Diagnostic and prognostic evaluation of soluble CD14 subtype for sepsis in critically ill patients: a preliminary study
© Foca et al.; licensee BioMed Central Ltd. 2014
Published: 3 December 2014
Sepsis, a leading cause of death in critical care patients, is the result of complex interactions between the infecting microorganisms and the host responses that influence clinical outcomes . Reliable biochemical markers that enable early diagnosis are still needed. A new marker, presepsin (soluble CD14 subtype, sCD14-ST) is a circulating fragment of 13 kDa of soluble CD14 that originates from the cleavage of the CD14 expressed on the surface membranes of monocytes/macrophages. sCD14-ST has been shown to increase significantly in patients with sepsis . In our study we compare diagnostic performance of presepsin, C-reactive protein (CRP) and procalcitonin (PCT).
Critical patients with suspected sepsis admitted to the Unit of Intensive Care of the University Hospital of Catanzaro (Italy) were recruited into this study; healthy volunteers were also included as controls. Plasma samples in EDTA from each patient were collected at multiple time points; samples were tested for CRP, PCT and presepsin. Blood cultures were also evaluated and processed by a BacT/Alert 3D system (bioMérieux, Italy); CRP was measured by immunonephelometry (Siemens Healthcare Diagnostic, Italy) and PCT was assayed by an enzyme-linked fluorescent assay (VIDAS BRAHMS PCT, bioMérieux, Italy); presepsin levels were measured by rapid automated PATHFAST immunoanalyzer (kindly provided by GEPA SRL, Italy), based on chemiluminescent enzyme immunoassay. A statistical analysis was carried out by Mann-Whitney test.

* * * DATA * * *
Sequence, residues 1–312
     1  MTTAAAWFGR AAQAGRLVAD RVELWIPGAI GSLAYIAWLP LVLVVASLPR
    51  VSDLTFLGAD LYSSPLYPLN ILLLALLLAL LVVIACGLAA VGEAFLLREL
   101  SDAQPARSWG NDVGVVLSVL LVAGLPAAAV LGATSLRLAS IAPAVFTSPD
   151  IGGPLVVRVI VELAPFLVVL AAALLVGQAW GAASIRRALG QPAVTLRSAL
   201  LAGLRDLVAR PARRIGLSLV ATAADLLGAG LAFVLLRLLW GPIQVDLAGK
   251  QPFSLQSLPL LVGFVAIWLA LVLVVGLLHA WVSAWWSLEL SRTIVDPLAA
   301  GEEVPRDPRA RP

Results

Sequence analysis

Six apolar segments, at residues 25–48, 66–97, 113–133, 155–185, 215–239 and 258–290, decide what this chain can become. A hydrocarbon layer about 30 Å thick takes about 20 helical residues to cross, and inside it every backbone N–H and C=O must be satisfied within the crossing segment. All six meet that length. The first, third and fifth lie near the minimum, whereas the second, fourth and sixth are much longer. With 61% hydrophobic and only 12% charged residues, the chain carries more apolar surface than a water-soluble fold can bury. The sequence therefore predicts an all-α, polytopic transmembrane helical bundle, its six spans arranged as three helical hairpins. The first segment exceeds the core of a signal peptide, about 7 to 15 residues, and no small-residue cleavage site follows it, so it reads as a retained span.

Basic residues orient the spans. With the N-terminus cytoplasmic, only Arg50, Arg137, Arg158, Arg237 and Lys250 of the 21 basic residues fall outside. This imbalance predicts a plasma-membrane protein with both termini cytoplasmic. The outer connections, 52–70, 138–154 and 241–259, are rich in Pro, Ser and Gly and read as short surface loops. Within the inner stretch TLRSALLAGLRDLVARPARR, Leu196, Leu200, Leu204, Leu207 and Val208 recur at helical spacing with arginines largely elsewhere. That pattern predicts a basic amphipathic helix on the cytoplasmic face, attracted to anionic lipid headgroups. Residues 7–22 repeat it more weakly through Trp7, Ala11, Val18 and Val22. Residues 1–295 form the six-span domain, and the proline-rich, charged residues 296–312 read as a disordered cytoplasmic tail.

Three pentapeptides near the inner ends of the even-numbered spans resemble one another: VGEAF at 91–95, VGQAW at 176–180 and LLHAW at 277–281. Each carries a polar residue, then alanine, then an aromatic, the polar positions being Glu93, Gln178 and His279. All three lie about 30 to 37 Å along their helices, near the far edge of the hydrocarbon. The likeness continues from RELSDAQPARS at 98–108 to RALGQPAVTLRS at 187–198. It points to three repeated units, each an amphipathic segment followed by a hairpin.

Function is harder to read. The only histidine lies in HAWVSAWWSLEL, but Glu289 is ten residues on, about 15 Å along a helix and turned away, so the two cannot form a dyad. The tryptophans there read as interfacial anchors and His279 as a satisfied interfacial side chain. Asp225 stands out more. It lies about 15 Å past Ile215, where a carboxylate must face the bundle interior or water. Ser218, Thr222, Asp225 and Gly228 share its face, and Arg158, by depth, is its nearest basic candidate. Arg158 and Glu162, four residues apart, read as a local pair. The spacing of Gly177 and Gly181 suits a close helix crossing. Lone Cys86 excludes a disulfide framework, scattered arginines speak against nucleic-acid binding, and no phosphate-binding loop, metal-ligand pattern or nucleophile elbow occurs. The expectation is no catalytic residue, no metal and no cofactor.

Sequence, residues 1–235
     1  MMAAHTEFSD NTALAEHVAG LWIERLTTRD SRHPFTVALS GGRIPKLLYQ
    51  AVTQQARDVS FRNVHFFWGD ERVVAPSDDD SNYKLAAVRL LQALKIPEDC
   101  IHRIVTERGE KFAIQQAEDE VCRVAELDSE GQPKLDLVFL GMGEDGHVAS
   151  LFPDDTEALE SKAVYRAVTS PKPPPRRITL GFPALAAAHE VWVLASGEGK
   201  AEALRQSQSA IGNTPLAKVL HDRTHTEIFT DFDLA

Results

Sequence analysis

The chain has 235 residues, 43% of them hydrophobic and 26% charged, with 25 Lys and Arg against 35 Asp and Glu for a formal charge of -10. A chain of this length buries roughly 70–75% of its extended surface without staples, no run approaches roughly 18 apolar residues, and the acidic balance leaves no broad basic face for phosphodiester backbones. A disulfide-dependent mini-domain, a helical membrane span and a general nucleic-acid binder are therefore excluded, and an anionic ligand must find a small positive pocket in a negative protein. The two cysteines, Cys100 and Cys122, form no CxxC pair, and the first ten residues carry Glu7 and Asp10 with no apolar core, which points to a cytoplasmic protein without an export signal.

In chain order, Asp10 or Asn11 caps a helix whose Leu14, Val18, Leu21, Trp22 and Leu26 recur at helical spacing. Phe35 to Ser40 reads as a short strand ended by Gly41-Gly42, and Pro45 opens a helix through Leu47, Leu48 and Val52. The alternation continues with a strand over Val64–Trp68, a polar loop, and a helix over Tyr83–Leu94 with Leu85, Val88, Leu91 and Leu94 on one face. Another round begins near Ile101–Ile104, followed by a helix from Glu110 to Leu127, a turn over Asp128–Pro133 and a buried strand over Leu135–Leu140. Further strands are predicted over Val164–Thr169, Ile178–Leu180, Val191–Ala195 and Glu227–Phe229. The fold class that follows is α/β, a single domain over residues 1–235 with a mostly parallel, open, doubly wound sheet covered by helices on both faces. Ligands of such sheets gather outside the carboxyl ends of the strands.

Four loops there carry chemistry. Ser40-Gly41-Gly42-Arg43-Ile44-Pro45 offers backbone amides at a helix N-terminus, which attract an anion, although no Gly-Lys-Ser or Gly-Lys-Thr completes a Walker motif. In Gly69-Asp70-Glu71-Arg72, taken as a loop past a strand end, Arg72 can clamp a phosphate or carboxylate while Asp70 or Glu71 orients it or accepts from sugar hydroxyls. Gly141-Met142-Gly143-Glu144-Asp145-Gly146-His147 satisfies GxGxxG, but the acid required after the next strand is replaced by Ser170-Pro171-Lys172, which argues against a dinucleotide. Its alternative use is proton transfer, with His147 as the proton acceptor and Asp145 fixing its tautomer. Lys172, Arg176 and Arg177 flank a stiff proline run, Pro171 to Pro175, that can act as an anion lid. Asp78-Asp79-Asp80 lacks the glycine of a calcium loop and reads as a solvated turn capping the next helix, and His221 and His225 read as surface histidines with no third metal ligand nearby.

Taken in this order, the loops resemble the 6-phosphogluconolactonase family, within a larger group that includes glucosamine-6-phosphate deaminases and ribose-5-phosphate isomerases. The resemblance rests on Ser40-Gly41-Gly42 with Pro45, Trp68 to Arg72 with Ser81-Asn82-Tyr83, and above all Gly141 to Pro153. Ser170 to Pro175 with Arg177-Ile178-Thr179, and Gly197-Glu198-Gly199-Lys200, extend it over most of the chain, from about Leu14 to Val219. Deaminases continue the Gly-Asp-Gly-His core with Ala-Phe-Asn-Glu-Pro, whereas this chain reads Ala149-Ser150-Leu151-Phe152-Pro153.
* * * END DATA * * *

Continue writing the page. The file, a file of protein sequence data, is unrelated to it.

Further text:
Presepsin and PCT levels were significantly higher in culture-positive subjects versus negative controls; such difference was found even at the admission time. The presepsin values in worsening/dead patients exhibited a significantly higher level at admission time. On the contrary, in the same group of patients, PCT exhibited a decrease of its level. In poor prognosis patients CRP showed a quite irregular kinetic, although in such a group the admission value was higher than the same marker in live subjects.
In this preliminary study, presepsin and PCT levels exhibited substantial higher values in culture-positive patients. The kinetic curves of presepsin, obtained from both survival and worsening/dead subjects, revealed the optimal performance of this biomarker, particularly in severely ill patients, as also shown in other studies. During sepsis, increase of presepsin levels may be a more reliable marker, indicating an unfavorable outcome [3, 4]. Furthermore, high presepsin levels could alert clinicians not to suspend antibiotic treatments even after clinical symptoms have improved and PCT levels have returned to normal.
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